Donald Trump will cast his ballot Hillary Clinton. Well not the Donald Trump, rather Donald Trump.

Dr. Donald L. Trump — not to be confused with Republican presidential nominee Donald J. Trump — told CNN's KFile Monday that he would vote for Democratic nominee Clinton, a departure from his previous stance on not revealing his political preference. The other Trump, who goes by "Skip," is an oncologist who runs the Inova Dwight and Martha Schar Cancer Institute in Falls Church, Virginia, but has been subject to countless jabs and "you're fired" jokes. He has proven reluctant to comment on Trump's controversial presidential campaign but just revealed to CNN he was no fan of The Donald.

"I would vote for Clinton, I voted for Obama, because I like what they propose. I like the empathy, the inclusiveness, and the progressive policies that they espouse," he said to KFile. "I have found [Trump's] theatrical persona and lack of content to his positions distasteful and particularly some of the rabble-rousing rhetoric and hostile rhetoric I think is distinctly out of place in public discourse."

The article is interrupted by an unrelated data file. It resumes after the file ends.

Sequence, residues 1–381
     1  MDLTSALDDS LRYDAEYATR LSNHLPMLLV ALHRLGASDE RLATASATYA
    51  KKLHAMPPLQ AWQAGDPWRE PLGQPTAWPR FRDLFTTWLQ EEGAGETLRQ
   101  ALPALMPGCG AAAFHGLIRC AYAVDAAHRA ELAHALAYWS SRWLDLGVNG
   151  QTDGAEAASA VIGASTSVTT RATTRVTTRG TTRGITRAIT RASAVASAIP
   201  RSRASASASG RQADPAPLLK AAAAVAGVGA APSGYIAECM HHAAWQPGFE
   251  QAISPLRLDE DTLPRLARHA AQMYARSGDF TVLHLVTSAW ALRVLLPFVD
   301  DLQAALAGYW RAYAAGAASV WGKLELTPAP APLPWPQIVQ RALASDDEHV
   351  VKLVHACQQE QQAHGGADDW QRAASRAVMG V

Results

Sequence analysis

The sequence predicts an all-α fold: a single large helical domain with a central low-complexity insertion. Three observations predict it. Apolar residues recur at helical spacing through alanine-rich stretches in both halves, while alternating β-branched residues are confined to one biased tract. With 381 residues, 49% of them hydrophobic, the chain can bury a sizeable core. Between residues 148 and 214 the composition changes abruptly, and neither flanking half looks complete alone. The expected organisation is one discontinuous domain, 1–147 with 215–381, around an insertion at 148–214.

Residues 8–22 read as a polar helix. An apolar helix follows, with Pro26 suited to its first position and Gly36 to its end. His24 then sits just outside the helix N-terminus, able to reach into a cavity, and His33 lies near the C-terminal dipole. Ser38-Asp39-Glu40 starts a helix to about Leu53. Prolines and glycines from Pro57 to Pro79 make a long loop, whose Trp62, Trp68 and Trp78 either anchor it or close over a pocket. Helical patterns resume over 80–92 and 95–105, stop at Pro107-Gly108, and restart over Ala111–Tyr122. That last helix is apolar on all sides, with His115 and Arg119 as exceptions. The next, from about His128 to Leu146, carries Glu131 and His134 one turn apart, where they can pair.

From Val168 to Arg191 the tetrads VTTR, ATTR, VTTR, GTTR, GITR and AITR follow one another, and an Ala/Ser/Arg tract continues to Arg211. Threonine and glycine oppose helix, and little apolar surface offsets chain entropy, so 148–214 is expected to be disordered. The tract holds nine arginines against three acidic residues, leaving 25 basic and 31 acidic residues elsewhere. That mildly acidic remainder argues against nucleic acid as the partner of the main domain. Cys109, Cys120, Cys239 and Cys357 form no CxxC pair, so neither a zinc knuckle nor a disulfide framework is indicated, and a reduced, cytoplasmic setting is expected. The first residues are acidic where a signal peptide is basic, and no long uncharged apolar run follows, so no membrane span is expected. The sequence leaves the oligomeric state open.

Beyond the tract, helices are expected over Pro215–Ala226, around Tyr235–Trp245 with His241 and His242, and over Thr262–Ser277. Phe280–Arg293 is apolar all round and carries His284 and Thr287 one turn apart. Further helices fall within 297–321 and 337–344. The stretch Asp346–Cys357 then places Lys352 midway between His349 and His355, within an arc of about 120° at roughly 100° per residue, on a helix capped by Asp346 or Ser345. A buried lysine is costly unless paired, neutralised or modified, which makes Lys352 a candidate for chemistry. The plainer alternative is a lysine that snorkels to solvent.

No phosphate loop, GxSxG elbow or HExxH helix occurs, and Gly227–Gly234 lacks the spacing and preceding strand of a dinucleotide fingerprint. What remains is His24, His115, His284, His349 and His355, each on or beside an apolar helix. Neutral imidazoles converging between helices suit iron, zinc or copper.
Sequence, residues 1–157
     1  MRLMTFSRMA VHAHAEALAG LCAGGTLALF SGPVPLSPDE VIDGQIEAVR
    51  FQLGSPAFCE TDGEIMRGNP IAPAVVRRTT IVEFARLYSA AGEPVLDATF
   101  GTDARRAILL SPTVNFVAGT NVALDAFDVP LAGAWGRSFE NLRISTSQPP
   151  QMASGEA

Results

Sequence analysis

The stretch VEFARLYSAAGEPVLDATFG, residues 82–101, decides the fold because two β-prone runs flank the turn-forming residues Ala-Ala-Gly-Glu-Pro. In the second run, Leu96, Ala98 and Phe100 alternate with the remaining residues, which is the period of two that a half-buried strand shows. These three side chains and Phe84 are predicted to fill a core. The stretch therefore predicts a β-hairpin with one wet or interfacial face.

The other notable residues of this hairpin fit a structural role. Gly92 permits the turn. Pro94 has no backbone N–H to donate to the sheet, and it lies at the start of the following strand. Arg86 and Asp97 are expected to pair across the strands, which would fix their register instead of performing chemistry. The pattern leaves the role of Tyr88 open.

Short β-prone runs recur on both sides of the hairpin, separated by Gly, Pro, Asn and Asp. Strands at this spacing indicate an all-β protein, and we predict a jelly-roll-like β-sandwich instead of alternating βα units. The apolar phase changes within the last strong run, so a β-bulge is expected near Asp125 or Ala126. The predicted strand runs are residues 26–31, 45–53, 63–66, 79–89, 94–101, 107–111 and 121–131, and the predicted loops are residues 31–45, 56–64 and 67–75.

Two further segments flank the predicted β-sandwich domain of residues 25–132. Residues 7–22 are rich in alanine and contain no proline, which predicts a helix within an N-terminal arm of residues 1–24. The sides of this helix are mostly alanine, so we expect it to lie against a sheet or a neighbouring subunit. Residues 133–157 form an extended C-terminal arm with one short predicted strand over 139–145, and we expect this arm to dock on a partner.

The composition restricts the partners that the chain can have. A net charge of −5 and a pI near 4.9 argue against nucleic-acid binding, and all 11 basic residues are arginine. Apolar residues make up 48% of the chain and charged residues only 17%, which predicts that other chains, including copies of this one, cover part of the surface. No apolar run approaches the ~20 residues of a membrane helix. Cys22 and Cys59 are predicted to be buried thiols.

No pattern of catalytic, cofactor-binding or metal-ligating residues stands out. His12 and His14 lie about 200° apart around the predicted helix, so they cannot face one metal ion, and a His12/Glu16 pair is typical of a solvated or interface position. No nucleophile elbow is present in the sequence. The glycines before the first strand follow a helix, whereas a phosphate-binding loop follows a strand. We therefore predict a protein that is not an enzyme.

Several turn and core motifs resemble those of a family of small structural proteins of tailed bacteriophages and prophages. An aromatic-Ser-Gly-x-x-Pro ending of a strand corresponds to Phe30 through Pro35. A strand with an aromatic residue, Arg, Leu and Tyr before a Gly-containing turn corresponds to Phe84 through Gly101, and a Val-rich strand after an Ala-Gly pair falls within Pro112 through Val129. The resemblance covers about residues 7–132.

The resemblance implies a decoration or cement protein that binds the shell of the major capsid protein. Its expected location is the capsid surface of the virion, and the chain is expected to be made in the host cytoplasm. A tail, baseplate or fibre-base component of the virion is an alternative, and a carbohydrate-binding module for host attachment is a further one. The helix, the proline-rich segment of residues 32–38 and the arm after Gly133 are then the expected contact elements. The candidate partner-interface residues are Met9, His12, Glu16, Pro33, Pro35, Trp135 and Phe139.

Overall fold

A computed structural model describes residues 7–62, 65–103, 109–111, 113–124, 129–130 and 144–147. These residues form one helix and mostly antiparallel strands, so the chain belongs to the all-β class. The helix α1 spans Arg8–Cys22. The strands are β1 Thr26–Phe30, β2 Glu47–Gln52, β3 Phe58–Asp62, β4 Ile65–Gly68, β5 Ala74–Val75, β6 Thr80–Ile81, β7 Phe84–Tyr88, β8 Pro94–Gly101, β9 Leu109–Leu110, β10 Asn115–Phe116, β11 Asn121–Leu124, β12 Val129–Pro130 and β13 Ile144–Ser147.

Dr. Trump had previously said in August of last year he was "a medical oncologist not a political commentator" and had "nothing to say particularly about his path to the presidency."

Donald L. Trump, who has previously met Donald J. Trump, officially jumped aboard the campaign that appears to be in a better position to win. The Real Clear Politics average of polls has Clinton up 5.4 points in a four-way race that includes Libertarian Gary Johnson and the Green Party's Jill Stein. The polls-only election forecast from data-driven website FiveThirtyEight Tuesday gave Clinton an about 86 percent chance of winning the election.

The areas around where Dr. Trump would live both seem to be strongly in support of Clinton. The FiveThirtyEight forecast gave Clinton a greater than 99.9 percent chance of winning Washington, D.C.'s three electoral votes, while the former secretary of state is up eight percentage points in Virginia, according to the Real Clear Politics average of polls.